Where? (1979) and Visible
Cities (1991) were made specifically
to help me live at least temporarily in an alien landscape, one
where I found myself because of a job and where I knew I had to
find a way to inhabit even if only for a few months.
The first film There? Where? was made
quickly in two months. I just had that much time to look, learn
how to drive and figure out how you could function in a landscape
that was so different from the well-traveled streets and avenues
of the cities I knew like New York or Paris. At first the impossibility
of walking to conquer the distance between things was what was so
astonishing. You discovered a land whose topology suddenly made
you face the impossible, like finding passage over a canyon and
you see that it can’t be crossed in a straight line and needed
to be contoured. Learning to drive was the only way you could move
in this terrain where rules were all different from the nineteenth
century concept of the city with public thoroughfares that I knew.
A segregation of usage was practiced; you found one space for work,
another one for residence and a lot of empty spaces in between.
That nothing ever mixed was a fact of life in the Southern California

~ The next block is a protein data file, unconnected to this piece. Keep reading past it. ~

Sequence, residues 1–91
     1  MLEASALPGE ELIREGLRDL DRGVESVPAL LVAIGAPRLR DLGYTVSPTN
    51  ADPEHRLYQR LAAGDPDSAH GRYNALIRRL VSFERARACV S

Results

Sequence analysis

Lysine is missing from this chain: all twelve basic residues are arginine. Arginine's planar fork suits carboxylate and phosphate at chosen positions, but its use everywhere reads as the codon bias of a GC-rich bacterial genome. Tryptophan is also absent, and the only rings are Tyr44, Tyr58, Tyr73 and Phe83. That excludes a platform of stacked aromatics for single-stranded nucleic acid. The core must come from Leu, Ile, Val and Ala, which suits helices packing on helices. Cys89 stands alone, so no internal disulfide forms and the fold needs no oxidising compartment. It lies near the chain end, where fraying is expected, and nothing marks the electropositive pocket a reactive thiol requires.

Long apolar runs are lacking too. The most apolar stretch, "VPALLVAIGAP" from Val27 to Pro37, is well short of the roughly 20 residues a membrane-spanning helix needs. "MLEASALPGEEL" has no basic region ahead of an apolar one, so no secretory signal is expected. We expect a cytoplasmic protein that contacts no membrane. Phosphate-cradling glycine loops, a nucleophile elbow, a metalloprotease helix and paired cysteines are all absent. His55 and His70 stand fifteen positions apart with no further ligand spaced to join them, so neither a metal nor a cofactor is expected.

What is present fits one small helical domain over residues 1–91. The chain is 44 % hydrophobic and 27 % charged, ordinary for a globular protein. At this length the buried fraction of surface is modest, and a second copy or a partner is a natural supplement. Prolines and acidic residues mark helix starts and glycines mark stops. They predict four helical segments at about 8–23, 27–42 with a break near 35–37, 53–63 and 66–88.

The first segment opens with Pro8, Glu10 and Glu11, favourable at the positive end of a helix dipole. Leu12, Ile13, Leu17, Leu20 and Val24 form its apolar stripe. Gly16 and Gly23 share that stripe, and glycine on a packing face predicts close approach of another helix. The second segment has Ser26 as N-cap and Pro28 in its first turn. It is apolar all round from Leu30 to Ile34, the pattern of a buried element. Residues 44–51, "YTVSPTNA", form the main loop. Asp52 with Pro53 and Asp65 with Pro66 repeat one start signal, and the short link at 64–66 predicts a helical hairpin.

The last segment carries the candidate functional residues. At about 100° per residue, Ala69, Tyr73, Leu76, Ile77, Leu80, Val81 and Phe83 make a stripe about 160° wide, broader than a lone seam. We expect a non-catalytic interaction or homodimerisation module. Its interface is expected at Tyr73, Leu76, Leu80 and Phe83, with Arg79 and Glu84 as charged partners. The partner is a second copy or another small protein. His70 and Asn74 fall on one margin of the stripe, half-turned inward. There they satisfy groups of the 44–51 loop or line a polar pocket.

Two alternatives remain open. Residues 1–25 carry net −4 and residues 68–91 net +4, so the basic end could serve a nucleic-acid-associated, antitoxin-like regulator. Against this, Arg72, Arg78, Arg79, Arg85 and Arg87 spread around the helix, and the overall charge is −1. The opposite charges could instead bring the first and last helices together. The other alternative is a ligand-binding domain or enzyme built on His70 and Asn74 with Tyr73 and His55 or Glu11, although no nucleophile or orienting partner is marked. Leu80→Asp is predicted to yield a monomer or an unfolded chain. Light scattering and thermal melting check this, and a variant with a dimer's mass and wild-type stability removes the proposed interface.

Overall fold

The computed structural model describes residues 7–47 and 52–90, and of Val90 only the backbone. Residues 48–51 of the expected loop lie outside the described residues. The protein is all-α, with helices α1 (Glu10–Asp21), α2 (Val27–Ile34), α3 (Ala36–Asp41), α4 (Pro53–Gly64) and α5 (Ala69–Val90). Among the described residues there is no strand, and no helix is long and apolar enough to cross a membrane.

terrain that was so different from what I had known before. And
you saw that once-used, space could be discarded and you could move
elsewhere rather than maintain, rebuild, rehab as there were doing
in the East and the middle West of the US in the late seventies.
All around you, there was still so much of undisturbed “chaparral”
name given to the native habitat full of jackrabbit and wild life
that it was easier to open up new areas for building than fix the
old. What you were confronting was patches of unused spaces or barely
lived-in condominiums far away from each other’s and large
deserted freeways to connect them all. Looking at it, being immersed
in it, you could without effort internalize the island syndrome.
The rest of the world isn’t there. You are in your own bubble.
Reading and listening to people confirmed what I saw.
I was then preparing another investigation of the landscape of
the American West from the perspective of the immigrant, the one
who just arrives, discovers wilderness and has trouble understanding
the concept of it and doesn’t know1. I needed to
test how to use voice-over against images of landscape and There?
Where? was made to investigate how fragments of dialog
would work when they are heard as if floating in space, ungrounded
and disconnected from the image.
Coming back ten years later, but this time to stay, my second look
at the Southern California landscape confirmed the extreme rapidity
and fluctuation of what was happening. The next film Visible
Cities would take two years to shoot and edit. I needed
the time to see how things were built. I wanted to trace an ongoing
mutation rather than only get a snapshot of what was there. Having
already my own history with the terrain helped me see that time
passing was needed2.
I knew that what I was witnessing was visually interesting although